It is fairly commonly known investing insight that gold performs well when the dollar falls. This inverse dynamic is also true with any other fiat currency; it’s just most apparent with the dollar, which makes up such a huge part of the global monetary order.
However, it should be noted that gold’s unique monetary properties (even though it’s a commodity) really make it the best measure of any currency’s value against another.
In a sense, this makes gold the ideal objective measure of the strength of currencies in terms of foreign exchange, often shortened to forex. Some might call this a sort of “gold standard,” if you will.
Gold and the Yen
One of the interesting gold-and-currency dynamics worth considering has been the recent correlation between the Japanese yen and the gold price. Over the last 5 years, changes in the gold price have shared a fairly strong correlation (0.5) with movements in the yen. During this year’s rally for gold, for instance, the yen also surged from 121¥ per dollar to nearly 111¥ to the dollar. The chart below (which uses the ETF, GLD, as a proxy) demonstrates.
The first thing to note is that the price of gold has remained the better performer of the two the entire way through. But why this general connection? Well, the most likely explanation is that the Japanese yen—much like the Swiss franc or U.S. Treasurys—is often chosen as a safe haven. This is obviously true of gold, as well, though precious metals are often recognized as the superior hedge.
Due to widespread currency devaluation (especially in Japan and China) and the emergence of negative interest rates, this correlation between the yen and gold is bound to break. Japan has long been an important economy in the global system (the third-largest, but long the second-largest). It is known as a trend-setter and a large exporter of capital—but negative interest-rate policy (NIRP) is sure to detail that eventually. It’s worth watching when this decoupling of gold and the yen happens, because unlike the USD/JPY exchange rate, pricing currencies in terms of gold can give you a objective sense of which of them are weakening. Comparing two currencies only gives you a relative idea.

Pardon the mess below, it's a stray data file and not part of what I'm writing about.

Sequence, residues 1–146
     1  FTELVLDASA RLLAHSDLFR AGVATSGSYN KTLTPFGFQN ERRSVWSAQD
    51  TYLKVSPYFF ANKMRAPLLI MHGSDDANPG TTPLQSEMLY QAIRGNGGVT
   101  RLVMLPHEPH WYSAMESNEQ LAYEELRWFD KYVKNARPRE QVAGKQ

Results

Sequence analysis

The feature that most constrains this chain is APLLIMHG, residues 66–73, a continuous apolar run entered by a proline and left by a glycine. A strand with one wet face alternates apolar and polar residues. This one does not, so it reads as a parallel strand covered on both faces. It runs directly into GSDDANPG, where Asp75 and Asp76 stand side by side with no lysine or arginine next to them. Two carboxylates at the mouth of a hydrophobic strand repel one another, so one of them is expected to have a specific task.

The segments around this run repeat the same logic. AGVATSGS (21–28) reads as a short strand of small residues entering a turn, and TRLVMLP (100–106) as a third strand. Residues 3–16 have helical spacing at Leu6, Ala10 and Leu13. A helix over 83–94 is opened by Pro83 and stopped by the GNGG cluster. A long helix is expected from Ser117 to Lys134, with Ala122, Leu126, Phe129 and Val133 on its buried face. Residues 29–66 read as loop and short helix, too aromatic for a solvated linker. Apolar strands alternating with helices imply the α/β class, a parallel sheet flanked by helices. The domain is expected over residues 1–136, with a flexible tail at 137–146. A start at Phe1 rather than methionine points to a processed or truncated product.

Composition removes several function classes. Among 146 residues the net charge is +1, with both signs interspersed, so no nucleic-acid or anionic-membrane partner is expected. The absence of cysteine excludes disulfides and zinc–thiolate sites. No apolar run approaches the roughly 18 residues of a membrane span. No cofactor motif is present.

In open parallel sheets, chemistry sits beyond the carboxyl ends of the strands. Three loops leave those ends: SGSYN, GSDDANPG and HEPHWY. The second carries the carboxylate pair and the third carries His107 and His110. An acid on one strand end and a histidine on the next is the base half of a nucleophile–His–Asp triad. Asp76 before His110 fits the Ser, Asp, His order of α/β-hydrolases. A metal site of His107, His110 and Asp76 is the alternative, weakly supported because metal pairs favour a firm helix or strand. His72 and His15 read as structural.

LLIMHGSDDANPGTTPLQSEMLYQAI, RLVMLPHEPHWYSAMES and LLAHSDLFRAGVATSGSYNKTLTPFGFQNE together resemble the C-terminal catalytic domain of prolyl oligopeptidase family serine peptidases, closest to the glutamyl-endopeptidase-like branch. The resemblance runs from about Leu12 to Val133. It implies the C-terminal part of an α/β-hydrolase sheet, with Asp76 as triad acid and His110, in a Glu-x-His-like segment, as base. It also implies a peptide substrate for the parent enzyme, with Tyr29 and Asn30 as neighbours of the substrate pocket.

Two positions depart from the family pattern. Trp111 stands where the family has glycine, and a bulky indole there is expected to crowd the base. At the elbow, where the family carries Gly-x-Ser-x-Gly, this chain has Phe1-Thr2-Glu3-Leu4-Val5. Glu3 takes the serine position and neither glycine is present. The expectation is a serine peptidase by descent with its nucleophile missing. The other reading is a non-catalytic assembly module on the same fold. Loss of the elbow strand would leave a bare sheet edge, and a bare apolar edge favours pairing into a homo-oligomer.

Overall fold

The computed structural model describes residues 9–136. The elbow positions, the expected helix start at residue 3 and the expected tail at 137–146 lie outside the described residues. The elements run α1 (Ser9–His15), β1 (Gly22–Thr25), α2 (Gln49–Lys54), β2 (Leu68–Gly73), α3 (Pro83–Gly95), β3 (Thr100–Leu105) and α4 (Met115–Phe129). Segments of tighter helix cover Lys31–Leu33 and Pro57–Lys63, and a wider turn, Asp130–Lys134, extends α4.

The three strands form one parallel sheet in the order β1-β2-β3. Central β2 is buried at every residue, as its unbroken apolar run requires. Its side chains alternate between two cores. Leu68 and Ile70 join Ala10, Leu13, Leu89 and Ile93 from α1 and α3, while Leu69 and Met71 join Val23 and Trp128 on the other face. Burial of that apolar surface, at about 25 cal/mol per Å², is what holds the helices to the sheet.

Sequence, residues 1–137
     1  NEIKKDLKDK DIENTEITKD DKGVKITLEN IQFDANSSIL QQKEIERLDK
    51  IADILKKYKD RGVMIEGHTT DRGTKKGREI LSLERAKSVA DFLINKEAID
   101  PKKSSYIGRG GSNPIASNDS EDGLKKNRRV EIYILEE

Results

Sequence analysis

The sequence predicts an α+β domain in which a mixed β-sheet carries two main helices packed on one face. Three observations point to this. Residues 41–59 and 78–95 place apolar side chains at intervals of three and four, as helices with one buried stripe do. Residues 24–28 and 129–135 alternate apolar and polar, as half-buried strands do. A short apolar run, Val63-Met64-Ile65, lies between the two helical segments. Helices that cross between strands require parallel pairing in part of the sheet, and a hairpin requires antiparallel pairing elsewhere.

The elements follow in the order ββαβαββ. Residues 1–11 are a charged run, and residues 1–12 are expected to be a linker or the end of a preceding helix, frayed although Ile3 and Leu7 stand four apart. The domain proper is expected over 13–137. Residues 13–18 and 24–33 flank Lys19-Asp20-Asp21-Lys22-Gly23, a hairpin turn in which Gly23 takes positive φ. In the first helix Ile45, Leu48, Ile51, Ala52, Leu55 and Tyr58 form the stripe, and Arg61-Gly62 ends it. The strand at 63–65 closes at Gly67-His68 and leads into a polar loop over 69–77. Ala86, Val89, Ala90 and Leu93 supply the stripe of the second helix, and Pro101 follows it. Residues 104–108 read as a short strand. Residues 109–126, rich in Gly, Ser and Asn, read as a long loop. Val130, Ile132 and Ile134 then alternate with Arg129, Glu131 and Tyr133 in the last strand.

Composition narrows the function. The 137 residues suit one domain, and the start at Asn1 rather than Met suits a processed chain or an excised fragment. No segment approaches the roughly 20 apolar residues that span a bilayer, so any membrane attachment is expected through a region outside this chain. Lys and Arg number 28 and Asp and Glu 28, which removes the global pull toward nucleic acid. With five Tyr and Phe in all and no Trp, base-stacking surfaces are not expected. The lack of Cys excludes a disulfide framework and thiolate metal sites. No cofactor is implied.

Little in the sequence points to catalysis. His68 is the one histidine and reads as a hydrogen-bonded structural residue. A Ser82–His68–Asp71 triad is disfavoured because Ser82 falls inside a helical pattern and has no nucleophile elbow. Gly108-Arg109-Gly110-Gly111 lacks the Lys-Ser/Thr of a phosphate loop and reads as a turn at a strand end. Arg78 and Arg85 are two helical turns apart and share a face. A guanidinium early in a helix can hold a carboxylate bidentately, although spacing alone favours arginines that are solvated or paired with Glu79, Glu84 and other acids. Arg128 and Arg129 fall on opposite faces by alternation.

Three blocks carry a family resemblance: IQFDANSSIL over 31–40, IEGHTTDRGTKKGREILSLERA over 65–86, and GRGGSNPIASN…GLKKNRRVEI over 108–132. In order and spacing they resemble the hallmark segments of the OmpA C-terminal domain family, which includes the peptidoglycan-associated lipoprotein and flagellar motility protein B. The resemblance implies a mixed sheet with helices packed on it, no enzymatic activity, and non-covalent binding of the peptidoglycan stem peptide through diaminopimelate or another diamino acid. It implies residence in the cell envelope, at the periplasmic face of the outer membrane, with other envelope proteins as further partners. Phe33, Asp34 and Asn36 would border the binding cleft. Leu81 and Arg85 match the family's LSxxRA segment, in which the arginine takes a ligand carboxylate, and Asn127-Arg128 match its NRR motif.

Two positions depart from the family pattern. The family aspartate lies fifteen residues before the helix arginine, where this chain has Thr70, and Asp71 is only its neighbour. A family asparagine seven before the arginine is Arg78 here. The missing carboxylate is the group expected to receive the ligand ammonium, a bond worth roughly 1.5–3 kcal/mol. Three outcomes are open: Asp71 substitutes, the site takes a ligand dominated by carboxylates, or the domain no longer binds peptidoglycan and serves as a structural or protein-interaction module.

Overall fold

The Dollar and the Fed
When it comes to currencies, however, the dollar holds the most sway in the global economy. It’s essentially ubiquitous. This is why the gold market seems so attuned to the monetary policies of the U.S. Federal Reserve.
While the conventional wisdom is that tighter monetary conditions (higher interest rates) cause the dollar to rise and makes the opportunity cost of holding gold higher (since the metal has no yield), there are two reasons this may not necessarily apply in 2016. First, gold actually performs well during the initial phase of a rate-hike cycle, judging by history. We often hear of a new president’s “first 100 days” in office as an important period that takes on different significance; this is also true for gold prices during a period of rate increases.
Second, the catch is that the higher rates in the U.S. are balanced by negative rates in Europe and Japan (and perhaps elsewhere as the year progresses). In a NIRP environment, the opposite about the opportunity cost of holding gold is true: with depositors actually losing on negative rates (negative interest), gold’s zero yield is comparatively positive.
The opinions and forecasts herein are provided solely for informational purposes, and should not be used or construed as an offer, solicitation, or recommendation to buy or sell any product.